Herschel Status Report - December 2009
With about 6 months of operational experience with Herschel, test are performed for refinements to the initially conservative slew time predictions in the scientific mission planning chain to reduce the margins and to better match the real behaviour of the space observatory. When implemented this would lead to an even more efficient operation of Herschel and a gain in observing time of several weeks over the course of the mission.
The spacecraft is operating nominally on prime chains throughout.
The first Direct Liquid Content Measurement has been performed as planned on 25 November. This measurement assesses the remaining amount of liquid helium for the spacecraft's active cooling system, which directly determines Herschel's lifetime for scientific observations. The measurement results were very close to predictions, and confirm the anticipated lifetime of just under 4 years after launch.
Star tracker warm pixels
Although there is not yet a complete understanding as to the physical cause of the phenomenon of "warm" pixels on the star tracker CCD (these pixels carry additional charge but appear and disappear on a timescale of hours), there is now a quantitatively better understanding of its impact on astrometry. This helps to determine how to at least partly compensate for this effect afterward in the data processing.
By the beginning of December, in terms of required observing time half of the Science Demonstration Phase and more than 250 hours of Key Programme observations had been performed.
PACS and SPIRE continue to operate nominally. Both instruments have concluded their Performance Verification Phase activities and most of their standard operating modes have been released for public use.
Based on observations carried out using these modes it is currently being assessed together with the Principal Investigators of the 42 Key Programmes whether updates are required before these observations are released for execution as part of the Routine Science Phase. Such changes are sometimes required because a particular observing mode has been replaced by another one, or based on actual results from the Science Demonstration Phase. This approach is part of making the most of Herschel, for the benefit of its observers and the mission itself.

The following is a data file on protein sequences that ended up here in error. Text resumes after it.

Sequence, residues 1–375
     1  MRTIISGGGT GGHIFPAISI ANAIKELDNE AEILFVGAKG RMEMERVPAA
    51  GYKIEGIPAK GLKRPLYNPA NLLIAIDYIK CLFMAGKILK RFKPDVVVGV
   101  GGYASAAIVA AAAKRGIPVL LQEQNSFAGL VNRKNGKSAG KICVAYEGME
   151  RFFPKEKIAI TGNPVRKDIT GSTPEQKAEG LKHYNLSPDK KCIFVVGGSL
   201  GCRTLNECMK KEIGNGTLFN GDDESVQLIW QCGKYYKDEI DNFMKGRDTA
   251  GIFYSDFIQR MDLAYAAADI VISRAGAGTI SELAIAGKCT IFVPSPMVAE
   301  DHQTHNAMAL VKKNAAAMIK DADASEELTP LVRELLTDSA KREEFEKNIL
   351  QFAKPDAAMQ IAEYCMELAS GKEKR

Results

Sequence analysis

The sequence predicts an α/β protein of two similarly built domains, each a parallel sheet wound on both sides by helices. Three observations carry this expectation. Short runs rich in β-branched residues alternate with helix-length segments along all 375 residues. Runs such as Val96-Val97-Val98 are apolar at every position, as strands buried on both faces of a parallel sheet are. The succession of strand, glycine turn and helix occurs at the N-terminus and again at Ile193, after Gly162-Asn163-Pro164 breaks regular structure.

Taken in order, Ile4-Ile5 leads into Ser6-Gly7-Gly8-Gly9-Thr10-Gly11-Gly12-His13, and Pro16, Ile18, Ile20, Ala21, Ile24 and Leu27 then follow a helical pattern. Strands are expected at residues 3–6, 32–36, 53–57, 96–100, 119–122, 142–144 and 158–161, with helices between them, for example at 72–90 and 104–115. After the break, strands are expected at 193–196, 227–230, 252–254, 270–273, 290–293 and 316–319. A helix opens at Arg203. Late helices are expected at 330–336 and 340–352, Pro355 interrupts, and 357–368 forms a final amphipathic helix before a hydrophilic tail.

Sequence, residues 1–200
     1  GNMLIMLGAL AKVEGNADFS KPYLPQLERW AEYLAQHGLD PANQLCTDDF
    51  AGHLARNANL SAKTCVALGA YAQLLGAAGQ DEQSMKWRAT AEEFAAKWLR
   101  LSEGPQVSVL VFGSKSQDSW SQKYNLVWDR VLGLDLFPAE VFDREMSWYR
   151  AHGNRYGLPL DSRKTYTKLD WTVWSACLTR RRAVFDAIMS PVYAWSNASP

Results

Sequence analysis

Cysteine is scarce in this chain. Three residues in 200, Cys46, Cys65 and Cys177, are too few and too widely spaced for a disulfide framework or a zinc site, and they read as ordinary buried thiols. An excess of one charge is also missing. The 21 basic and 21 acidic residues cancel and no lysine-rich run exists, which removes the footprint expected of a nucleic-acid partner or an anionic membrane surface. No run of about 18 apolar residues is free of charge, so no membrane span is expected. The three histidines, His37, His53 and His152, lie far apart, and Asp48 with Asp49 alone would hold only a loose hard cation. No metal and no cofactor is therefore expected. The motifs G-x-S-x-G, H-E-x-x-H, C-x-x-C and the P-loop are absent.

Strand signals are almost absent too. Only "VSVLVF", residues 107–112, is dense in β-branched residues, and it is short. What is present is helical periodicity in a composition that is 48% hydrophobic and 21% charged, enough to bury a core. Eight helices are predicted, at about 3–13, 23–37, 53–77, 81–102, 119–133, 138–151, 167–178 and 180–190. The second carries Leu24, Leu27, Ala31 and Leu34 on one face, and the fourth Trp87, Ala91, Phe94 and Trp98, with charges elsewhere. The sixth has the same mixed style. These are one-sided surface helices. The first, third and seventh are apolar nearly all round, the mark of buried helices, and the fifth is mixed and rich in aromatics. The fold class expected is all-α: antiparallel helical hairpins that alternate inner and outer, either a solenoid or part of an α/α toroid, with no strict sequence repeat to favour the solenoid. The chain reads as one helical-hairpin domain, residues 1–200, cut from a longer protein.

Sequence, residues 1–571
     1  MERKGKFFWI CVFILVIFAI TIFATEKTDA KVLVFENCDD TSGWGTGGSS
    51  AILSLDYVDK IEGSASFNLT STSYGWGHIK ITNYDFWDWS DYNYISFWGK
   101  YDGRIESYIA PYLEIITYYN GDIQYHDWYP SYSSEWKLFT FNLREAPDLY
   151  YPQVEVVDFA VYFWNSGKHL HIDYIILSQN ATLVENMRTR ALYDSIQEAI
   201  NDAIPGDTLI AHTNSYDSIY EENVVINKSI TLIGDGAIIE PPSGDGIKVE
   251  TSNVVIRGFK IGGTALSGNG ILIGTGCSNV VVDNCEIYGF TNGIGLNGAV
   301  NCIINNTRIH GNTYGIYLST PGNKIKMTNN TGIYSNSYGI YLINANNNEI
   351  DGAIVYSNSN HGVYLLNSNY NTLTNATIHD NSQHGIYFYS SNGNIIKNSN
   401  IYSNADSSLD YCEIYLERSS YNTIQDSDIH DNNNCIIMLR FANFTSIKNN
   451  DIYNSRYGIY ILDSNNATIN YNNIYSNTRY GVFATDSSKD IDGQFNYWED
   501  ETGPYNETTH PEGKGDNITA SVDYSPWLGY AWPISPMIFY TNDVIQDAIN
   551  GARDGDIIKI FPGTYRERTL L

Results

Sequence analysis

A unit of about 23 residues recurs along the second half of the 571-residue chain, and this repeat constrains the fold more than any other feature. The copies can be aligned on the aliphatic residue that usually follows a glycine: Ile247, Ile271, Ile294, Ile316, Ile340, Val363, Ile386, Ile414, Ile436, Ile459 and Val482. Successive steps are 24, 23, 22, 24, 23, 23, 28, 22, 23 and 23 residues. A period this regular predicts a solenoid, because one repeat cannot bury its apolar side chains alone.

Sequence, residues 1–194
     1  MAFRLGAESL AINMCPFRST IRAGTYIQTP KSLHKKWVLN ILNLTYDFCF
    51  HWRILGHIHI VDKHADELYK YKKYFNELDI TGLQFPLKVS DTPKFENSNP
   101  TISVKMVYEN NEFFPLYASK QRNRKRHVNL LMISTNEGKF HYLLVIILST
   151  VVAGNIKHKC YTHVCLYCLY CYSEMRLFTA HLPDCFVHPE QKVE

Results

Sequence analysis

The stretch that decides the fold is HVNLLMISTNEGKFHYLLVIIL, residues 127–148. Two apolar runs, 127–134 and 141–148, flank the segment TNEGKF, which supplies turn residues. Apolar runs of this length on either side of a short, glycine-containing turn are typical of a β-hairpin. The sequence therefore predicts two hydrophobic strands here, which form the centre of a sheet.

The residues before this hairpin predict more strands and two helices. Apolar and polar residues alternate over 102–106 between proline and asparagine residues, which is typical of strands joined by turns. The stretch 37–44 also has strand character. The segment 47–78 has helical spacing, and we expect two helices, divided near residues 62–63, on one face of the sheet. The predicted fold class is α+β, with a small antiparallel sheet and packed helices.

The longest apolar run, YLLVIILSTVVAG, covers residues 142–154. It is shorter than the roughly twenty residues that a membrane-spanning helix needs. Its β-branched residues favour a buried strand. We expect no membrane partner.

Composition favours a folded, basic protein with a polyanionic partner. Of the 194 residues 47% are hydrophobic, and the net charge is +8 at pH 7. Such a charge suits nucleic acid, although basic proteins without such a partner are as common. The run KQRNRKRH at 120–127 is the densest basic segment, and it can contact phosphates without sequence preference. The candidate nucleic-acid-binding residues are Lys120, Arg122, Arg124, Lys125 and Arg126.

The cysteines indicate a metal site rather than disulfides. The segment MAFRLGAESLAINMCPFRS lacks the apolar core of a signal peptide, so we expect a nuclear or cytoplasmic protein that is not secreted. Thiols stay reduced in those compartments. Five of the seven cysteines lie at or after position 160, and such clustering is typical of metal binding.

The HIFI recovery has progressed significantly. Both ESA and the HIFI consortium were informed of the investigation results, the measures taken to eliminate the recurrence of the suspected anomaly, and the recovery steps and plans. Elements of the redundant HIFI chain have since been switched on again and a Short Functional Test has been successfully conducted on 7 December. Some critical operations, involving the local oscillators and their redundant electronics, will be performed after New Year.
During the reporting period, mission operations have been conducted with the support of the ESA New Norcia ground station. Observational data stored on-board Herschel was received on ground during communication passes lasting approximately three hours.
The ground segment is operating nominally. Data products are generated routinely and ingested into the Herschel Science Archive (HSA).
- January 2010: Complete switch on of HIFI
- March 2010: Herschel Observatory Routine Science Phase Readiness Review